In theory you are right but if you have never gone through the process then maybe you may not know that most of the codes have to do with safety. The panel that has telephone, Braille on numbers etc etc is where the money goes plus cables etc. in order to just get our elevator up to the current codes we would have had to put $10,000 into it and most of that would have be in just a new panel. We had an elevator consulting firm work with the elevator company which we ended up choosing the one we were having do our monthly inspection by. They were a very respectable firm who did the new elevator installiations at our hospital etc plan ahead if your state doesn't have new codes. Do your homework.

posted @ Tuesday, May 29, 2012 10:03 AM by Jan


Per BC Martello, I would again recommend the board and assoc.. start accumulating funds via reserves, look into long term finance solutions, in addition to assessments. I would look hard at the 3 options. he outlines with my preference for refurbishment and upgrading. But locally that may not be the best solution.. 
 
Plan , take your time and be choosy. No need to rush to a decision you might regret.

posted @ Tuesday, May 29, 2012 10:20 AM by john mastro


Legitimate complaints regarding defects should be resolved if at all possible. However, for all the other complaints you may want to mention that a special assessment would be required to resolve and would they be willing ante up?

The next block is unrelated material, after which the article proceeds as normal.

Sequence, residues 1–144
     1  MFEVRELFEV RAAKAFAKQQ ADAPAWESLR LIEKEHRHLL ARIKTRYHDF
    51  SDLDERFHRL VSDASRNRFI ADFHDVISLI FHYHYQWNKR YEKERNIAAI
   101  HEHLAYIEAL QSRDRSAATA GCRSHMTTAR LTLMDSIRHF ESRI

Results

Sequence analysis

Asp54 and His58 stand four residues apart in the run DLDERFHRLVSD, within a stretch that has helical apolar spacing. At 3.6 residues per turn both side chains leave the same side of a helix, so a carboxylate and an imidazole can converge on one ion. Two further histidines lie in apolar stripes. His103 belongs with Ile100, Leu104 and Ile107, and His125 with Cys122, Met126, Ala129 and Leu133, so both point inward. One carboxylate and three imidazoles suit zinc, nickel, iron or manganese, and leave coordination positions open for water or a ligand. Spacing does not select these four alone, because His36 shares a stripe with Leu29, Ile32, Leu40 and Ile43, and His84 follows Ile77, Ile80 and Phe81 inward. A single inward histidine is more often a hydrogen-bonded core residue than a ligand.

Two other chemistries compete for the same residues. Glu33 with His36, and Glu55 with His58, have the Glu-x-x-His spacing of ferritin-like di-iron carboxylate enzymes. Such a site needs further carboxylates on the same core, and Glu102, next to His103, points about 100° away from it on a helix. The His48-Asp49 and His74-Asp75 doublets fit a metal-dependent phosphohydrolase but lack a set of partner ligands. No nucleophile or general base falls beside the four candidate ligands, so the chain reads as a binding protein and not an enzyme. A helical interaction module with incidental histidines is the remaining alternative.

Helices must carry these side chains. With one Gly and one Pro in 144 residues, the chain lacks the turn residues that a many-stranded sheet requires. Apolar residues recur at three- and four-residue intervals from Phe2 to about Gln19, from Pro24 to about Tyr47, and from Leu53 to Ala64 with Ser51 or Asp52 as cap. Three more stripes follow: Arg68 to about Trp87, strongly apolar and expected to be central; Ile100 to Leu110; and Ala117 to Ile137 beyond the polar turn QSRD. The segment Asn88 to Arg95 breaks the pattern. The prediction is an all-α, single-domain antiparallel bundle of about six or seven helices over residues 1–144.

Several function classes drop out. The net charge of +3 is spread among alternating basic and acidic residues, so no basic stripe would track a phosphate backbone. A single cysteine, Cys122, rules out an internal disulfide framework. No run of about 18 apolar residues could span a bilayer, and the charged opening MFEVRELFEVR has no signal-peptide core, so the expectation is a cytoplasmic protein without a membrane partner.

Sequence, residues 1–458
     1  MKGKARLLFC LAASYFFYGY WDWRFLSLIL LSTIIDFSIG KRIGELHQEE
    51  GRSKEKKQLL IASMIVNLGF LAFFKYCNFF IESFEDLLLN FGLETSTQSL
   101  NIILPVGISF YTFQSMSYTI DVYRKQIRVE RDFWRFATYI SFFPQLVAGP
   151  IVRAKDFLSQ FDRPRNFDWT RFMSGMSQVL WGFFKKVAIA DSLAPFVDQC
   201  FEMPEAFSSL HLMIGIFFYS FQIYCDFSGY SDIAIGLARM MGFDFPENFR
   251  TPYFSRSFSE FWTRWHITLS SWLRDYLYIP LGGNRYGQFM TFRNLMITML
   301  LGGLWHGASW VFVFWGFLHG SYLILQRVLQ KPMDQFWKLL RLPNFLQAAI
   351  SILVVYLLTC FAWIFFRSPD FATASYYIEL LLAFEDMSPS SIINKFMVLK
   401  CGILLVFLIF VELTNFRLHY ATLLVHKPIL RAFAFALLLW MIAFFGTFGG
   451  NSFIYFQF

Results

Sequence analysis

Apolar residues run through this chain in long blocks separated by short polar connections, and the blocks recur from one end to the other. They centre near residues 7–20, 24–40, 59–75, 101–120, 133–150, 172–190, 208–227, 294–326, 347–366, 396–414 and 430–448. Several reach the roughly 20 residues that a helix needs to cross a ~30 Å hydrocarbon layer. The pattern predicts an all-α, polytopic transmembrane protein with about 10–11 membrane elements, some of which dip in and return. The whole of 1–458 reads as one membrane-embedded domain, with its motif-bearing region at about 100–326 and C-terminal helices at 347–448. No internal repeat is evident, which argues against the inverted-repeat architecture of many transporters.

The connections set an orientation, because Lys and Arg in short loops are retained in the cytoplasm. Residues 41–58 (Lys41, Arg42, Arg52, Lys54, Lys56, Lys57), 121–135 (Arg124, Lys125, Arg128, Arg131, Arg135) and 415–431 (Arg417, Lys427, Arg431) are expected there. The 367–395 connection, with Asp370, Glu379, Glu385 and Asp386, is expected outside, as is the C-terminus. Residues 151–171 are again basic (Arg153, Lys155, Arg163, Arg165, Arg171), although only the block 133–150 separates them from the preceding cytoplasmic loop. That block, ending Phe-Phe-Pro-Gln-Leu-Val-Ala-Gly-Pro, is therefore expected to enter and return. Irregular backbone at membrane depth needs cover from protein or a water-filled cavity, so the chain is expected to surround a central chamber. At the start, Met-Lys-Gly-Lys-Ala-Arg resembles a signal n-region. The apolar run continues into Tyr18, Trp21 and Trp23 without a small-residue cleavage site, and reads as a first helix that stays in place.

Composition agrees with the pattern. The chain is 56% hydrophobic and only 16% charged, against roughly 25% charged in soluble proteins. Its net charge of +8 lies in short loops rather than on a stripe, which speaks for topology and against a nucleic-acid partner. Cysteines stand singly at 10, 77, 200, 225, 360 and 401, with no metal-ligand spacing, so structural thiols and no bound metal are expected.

As long as the elevators pass annual inspections by what ever government agency does them, just have them maintained on a regular basis. 
 
You may consider having them inspected by a qualified engineering firm, not another maintenance company, just for recommendations. 
 
Our condo complex currently has three elevators but only for four floors and they are less than ten years old.

posted @ Tuesday, May 29, 2012 10:36 AM by Ron


Lydia 
After reading this I was thinking the same thing..... 
40 years and now you want to assess the people for something the the association neglected to do for all those years. 
These associations/ HOA need to be put on notice for future  
Repairs.  
We had the same thing, however we are being turned around. Thanks to the former board members who never took a serious note since 1987 and squandered are money and never took things serious for the future of the building. 
 
I think there should be someone who is in charge of taking audits of the accounts and if there is not the money in their accounts to take care of these repairs they should be seriously find.